The Power of the Spirit in Conversion

By | November 8, 2014

We have a guest speaker this Sunday at my church. He’ll be preaching from 1 Thessalonians 1, and this is a blurb I’ve pulled from my dissertation and added to our bulletin to complement his sermon.

Paul reminded to the Thessalonians that “our gospel came to you not only in word, but also in power and in the Holy Spirit and with full conviction” (1 Thess 1:5). Four phrases in 1 Thess 1:5 describe the manner of how Paul and his companions preached (“in word,” “in power,” “in the Holy Spirit,” and “with full conviction”).1 Paul’s “not only . . . but also” construction emphasizes that what is described in the latter three phrases bolstered his confidence in God’s choice of the Thessalonians more than what is described in the first phrase, that the gospel came to them “in word.”2 The parallelism of the latter three phrases indicates that one is not subordinate to the other.3 This being the case, that the “gospel came . . . in the Holy Spirit” likely means something in addition to how the gospel came “in power”4 or “with full conviction.” In context, Paul is describing how his company preached; “in the Holy Spirit” thus describes the empowering source of their preaching.5

The Spirit also works in the listener in the work of conversion as well. Paul did not rely on “plausible words of wisdom” to convince his listeners that the content of his preaching was true (1 Cor 2:4).6 The “demonstration”7 of truthfulness to his listeners was by the Spirit whose demonstrative work was an exertion of the power of God (1 Cor 2:4).8 The Spirit worked through Paul as the Spirit worked through those who heard the Word. And once the Spirit enabled them to see the spiritual truth of the gospel, the listener accepted them and was gloriously converted (1 Cor 2:14; cf. 2:12–13).

In short, as the gospel is given, the Spirit works through both preacher and listener, and a sinner may come to Christ. What an amazing work of God!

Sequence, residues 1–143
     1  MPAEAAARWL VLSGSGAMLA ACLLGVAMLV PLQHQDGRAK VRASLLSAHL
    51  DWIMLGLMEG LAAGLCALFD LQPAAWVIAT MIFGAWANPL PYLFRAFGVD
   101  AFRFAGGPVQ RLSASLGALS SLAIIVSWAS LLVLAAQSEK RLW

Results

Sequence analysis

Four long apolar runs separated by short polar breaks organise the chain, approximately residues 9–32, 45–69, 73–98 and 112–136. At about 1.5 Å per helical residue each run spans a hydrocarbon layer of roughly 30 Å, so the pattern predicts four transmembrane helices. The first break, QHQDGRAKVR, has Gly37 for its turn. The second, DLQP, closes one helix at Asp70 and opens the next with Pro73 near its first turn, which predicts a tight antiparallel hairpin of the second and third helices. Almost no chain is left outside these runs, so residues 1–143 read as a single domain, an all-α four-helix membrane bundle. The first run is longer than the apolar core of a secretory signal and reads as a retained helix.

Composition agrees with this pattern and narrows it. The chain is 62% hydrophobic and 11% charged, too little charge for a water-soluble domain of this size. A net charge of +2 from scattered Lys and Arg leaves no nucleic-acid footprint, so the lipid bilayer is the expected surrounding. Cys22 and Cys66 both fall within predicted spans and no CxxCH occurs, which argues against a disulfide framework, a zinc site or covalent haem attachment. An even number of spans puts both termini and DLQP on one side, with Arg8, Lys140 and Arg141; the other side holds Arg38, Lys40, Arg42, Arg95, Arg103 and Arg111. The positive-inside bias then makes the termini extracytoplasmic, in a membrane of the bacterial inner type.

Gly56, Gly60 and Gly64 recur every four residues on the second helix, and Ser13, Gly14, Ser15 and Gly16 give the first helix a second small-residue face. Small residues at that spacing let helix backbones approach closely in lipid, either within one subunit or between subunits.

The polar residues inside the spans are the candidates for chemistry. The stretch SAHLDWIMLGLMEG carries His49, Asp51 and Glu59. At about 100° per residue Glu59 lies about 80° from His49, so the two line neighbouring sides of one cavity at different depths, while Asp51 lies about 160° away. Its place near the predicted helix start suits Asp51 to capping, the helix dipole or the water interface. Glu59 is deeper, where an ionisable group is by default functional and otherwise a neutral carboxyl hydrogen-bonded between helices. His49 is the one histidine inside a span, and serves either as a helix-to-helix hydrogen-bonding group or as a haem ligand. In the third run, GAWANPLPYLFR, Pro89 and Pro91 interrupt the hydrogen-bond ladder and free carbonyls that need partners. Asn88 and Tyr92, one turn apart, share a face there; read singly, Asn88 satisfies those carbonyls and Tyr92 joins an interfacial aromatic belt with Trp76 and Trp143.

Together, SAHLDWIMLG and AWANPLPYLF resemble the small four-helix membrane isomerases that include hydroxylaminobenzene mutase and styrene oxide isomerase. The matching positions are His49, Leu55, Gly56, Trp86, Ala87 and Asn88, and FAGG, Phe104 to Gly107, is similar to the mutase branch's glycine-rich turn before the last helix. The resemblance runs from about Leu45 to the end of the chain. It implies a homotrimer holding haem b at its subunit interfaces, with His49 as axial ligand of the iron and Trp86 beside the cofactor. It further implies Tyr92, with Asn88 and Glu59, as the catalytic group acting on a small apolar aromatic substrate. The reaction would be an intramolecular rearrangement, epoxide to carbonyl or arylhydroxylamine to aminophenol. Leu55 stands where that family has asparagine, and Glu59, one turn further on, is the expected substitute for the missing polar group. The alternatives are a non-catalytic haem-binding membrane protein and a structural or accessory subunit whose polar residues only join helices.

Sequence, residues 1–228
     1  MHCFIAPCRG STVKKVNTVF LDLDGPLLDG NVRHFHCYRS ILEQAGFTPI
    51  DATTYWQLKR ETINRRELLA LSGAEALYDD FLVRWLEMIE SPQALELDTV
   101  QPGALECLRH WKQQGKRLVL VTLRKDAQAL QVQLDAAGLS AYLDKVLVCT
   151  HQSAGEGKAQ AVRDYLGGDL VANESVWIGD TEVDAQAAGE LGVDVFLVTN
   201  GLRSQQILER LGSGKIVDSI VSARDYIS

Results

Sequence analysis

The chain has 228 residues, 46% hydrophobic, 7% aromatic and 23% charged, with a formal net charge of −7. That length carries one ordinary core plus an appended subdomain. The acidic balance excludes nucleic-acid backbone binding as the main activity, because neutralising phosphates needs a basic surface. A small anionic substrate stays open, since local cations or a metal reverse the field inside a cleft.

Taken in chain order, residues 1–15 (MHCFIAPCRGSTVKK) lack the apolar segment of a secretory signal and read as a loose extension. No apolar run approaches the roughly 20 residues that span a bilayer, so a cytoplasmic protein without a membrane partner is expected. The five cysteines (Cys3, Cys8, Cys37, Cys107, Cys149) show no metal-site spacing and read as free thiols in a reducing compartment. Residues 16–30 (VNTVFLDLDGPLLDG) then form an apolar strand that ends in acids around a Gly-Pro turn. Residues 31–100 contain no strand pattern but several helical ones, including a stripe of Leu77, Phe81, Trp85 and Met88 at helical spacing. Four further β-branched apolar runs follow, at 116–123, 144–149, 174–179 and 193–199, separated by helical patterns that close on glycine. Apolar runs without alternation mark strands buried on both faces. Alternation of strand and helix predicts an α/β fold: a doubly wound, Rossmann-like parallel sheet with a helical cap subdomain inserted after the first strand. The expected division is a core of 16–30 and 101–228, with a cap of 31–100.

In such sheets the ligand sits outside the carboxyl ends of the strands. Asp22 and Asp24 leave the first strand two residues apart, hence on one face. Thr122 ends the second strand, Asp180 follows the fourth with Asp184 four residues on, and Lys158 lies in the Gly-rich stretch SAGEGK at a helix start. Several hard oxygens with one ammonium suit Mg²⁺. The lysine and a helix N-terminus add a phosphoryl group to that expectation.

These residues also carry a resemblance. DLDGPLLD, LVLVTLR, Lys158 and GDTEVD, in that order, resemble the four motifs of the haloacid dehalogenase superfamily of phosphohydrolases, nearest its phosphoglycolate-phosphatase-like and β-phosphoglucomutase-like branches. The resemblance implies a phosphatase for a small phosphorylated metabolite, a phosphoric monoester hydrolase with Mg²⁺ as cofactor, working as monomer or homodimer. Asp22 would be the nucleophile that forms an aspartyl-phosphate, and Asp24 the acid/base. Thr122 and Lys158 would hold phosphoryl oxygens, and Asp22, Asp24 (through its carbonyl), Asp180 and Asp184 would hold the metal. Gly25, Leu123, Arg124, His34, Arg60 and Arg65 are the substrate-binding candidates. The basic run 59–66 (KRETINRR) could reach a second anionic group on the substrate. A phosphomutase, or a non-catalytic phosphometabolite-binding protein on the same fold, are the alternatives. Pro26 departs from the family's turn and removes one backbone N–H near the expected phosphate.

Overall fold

1. D. Michael Martin, 1, 2 Thessalonians (NAC 33; Nashville: Broadman & Holman, 2002), 58. []
  2. Charles A. Wanamaker, The Epistles to the Thessalonians: A Commentary on the Greek Text (NIGTC; Grand Rapids: Eerdmans, 1990), 79. []
  3. Cf. Gene L. Green, The Letters to the Thessalonians (PNTC; Grand Rapids; Eerdmans, 2002), 96. []
  4. Ibid. []
  5. Gordon D. Fee, The First and Second Epistles to the Thessalonians (NICNT; Grand Rapids: Eerdmans, 2009), 35. []
  6. Timothy H. Lim, “‘Not in persuasive words of wisdom, but in the demonstration of the Spirit and power’ (I Cor. 2:4),” NovT 9 (1987): 146. []
  7. Lim, “‘Not in persuasive words of wisdom, but in the demonstration of the Spirit and power’ (I Cor. 2:4),” 147, defines “demonstration” (ἀπόδειξις) as “. . . a technical term in rhetoric which means a demonstration or cogent proof of argument from commonly agreed premises.” []
  8. Paul’s emphasis on his own weakness in 1 Cor 2:3 likely rules out the Spirit’s means of convincing the Corinthians through miracles as in Rom 15:18–19 (cf. 2 Cor 12:12). See Gordon D. Fee, The First Epistle to the Corinthians (NICNT; Grand Rapids: Eerdmans, 1987), 95. For a survey of suggestions as to what Paul’s trembling and weakness may have been, see David E. Garland, 1 Corinthians (BECNT; Grand Rapids: Baker Academic, 2003), 85–86. []